## Proof Rule

Proof by contradiction is a valid deduction sequent in propositional logic.

### Proof Rule

If, by making an assumption $\phi$, we can infer a contradiction as a consequence, then we may infer $\neg \phi$.
The conclusion does not depend upon the assumption $\phi$.

### Sequent Form

$\paren {p \vdash \bot} \vdash \neg p$

## Explanation

Proof by Contradiction can be expressed in natural language as follows:

If we know that by making an assumption $\phi$ we can deduce a contradiction, then it must be the case that $\phi$ cannot be true.

Thus it provides a means of introducing a negation into a sequent.

## Also known as

Proof by Contradiction is also known as not-introduction, and can be seen abbreviated as $\neg \mathcal I$ or $\neg_i$.

However, there are technical reasons why this form of abbreviation are suboptimal on this website, and PBC (if abbreviation is needed at all) is to be preferred.

It is also known as proof of negation, that is, proof that some (positive!) assumption is not true.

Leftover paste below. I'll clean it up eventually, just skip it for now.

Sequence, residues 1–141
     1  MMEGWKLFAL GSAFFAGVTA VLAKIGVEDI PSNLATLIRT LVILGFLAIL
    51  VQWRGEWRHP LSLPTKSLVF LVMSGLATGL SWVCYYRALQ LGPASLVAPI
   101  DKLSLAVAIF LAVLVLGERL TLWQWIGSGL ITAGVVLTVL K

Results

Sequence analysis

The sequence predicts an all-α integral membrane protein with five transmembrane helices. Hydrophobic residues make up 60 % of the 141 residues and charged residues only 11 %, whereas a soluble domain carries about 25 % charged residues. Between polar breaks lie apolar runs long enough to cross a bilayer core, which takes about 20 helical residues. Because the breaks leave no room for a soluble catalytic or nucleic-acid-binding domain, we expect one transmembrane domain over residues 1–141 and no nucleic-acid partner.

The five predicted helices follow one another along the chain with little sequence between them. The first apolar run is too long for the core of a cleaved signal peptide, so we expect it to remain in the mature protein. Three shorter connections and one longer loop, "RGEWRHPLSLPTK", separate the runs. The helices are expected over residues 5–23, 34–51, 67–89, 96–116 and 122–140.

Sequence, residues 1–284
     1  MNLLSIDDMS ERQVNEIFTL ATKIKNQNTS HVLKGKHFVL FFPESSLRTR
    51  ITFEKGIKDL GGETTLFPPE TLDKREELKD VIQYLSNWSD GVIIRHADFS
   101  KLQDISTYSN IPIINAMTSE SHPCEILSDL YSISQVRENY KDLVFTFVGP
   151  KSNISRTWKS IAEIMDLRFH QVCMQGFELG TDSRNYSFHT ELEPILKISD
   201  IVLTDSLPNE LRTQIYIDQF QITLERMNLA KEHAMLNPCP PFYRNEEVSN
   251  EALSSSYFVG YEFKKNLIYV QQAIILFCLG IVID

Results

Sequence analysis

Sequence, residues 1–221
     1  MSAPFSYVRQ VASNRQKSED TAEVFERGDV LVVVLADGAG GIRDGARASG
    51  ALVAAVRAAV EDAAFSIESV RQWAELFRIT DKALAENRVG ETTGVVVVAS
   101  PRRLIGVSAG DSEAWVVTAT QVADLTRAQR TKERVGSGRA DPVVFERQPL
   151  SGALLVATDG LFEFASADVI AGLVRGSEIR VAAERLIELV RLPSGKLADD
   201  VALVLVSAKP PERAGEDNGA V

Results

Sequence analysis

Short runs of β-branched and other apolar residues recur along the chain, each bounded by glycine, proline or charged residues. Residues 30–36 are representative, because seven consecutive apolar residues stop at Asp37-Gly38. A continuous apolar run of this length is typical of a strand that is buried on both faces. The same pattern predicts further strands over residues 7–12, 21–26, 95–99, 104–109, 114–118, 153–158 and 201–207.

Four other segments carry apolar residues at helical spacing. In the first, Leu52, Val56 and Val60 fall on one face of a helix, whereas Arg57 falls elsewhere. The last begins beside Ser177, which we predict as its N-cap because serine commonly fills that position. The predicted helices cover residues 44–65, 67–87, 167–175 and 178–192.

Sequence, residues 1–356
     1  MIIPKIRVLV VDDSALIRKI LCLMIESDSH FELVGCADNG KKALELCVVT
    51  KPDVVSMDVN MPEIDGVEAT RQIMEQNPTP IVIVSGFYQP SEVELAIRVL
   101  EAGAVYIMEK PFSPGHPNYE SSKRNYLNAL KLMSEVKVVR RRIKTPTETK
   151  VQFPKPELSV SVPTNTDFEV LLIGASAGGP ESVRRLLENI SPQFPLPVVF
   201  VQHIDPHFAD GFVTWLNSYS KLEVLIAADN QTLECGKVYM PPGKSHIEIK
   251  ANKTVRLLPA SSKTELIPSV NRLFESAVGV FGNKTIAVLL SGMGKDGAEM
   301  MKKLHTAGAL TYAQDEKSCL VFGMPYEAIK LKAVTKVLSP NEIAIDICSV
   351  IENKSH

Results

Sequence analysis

Some sources do not explicitly distinguish between Proof by Contradiction and Reductio ad Absurdum, which starts with a negative assumption ($\neg \phi$).

Both can be referred to as indirect proof, but Reductio ad Absurdum is rejected by the intuitionistic school.

## Variants

The following forms can be used as variants of this theorem:

### Variant 1

$\left({p \vdash \left({q \land \neg q}\right)}\right) \vdash \neg p$

### Variant 2

#### Formulation 1

$p \implies q, p \implies \neg q \vdash \neg p$

#### Formulation 2

$\vdash \paren {\paren {p \implies q} \land \paren {p \implies \neg q} } \implies \neg p$

### Variant 3

#### Formulation 1

$p \implies \neg p \vdash \neg p$

#### Formulation 2

$\vdash \paren {p \implies \neg p} \implies \neg p$